According to The Welfare of Farmed Animals (England) (Amendment) Regulations 2003, ‘all pigs must have permanent access to a sufficient quantity of materials such as straw, hay, wood, sawdust, mushroom compost, peat or a mixture of such which does not adversely affect the health of the animals’. Pigs reared on slatted floors – a common practice at the farms we visited – are not afforded such materials as, it could be argued, they could clog up the slats and create a build up of faecal matter, thereby adversely affecting the health of the pigs. Rather than change the system, farmers simply deprive the pigs of enrichment. In so doing, they breach the spirit, if not the letter, of the law.

In the solid-floor systems, instead of the required forms of enrichment, some farms provide a single metal chain. Such tokenistic ‘enrichment’ is both wholly inadequate and cynical. Defra states that these items can ‘quickly lose their novelty factor. The long-term use of such items is not, therefore, recommended.’

At some farms, no enrichment at all was visible.

Standards across Europe:

While standards for pigs remain extremely poor across most of Europe, Britain’s modest advances in animal welfare have not been made alone, and this country is certainly not in the vanguard. Sweden, for example, banned tethering almost three decades before Britain and, in 1997, Switzerland banned the use of farrowing crates altogether, shaming Britain’s claims that we lead the way.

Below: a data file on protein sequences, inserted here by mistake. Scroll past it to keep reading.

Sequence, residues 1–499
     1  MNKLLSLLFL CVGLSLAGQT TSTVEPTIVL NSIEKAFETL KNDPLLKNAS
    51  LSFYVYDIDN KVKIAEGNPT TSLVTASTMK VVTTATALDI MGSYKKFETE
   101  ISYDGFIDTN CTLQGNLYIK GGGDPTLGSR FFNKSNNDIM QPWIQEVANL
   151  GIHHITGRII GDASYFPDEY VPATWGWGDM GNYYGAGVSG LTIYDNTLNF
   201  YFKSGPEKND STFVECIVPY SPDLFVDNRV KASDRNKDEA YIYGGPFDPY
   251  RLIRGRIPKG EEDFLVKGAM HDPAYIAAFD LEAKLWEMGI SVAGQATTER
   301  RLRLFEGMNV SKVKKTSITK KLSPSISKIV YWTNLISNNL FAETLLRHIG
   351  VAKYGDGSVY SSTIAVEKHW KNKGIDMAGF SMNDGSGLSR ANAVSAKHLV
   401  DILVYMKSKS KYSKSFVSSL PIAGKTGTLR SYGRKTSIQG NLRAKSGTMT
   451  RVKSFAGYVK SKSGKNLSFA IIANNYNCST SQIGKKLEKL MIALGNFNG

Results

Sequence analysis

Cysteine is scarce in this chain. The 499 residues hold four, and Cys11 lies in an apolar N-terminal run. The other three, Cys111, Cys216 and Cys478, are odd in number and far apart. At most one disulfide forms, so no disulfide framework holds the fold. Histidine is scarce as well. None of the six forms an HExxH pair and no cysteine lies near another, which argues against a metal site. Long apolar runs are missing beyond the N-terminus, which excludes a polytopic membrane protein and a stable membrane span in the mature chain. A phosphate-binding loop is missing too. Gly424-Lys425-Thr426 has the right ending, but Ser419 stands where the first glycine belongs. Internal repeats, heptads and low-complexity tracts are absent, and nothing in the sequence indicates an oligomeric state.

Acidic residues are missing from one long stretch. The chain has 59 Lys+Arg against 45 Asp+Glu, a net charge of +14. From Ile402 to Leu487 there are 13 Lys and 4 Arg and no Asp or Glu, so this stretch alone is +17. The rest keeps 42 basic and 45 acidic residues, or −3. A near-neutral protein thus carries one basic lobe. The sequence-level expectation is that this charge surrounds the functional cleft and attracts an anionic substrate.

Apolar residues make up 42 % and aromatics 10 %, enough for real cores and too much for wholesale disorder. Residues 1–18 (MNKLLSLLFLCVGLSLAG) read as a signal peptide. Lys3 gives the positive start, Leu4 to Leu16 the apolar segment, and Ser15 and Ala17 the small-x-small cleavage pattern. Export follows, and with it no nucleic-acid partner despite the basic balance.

The tethering of sows is now banned across the entire EU. Sow stalls are banned in Denmark, the Netherlands, Sweden and Finland, as well as Britain, and in 2013 they will be illegal across the EU.

In Sweden, all pigs must be provided with straw or other litter material – something that British pigs are largely denied. And pigs on Swedish farms may be held in a farrowing crate for a maximum of one week. In Britain, it is four weeks.

Norway will enforce a ban on the castration of piglets from 2009 – something which, although only rarely carried out in the UK, has not been outlawed here.

In Britain, weaning can take place from three weeks. In Sweden, weaning takes place at 5-6 weeks.

When it comes to pig mortality, ‘Great Britain has performed poorly’ compared with Europe, according to Meryl Ward, a BPEX director who operates two of the farms we visited, in evidence submitted to a Parliamentary select committee in September 2008.

Industry Opposition to Welfare Advances for Pigs in Britain:

The British pig industry consistently makes claims that it has some of the best standards in the world. It fails to mention, however, that it actually opposed legislation that would bring about improvements in welfare. When Sir Richard Body MP introduced the 1991 Pig Husbandry Bill, which called for a ban on tethers and stalls for sows, the South West branch of the National Farmers’ Union called the Bill a ‘Body Blow to Pig Farmers’. The National Pig Breeders’ Association – of which Sir Richard Body was a former member – also opposed it.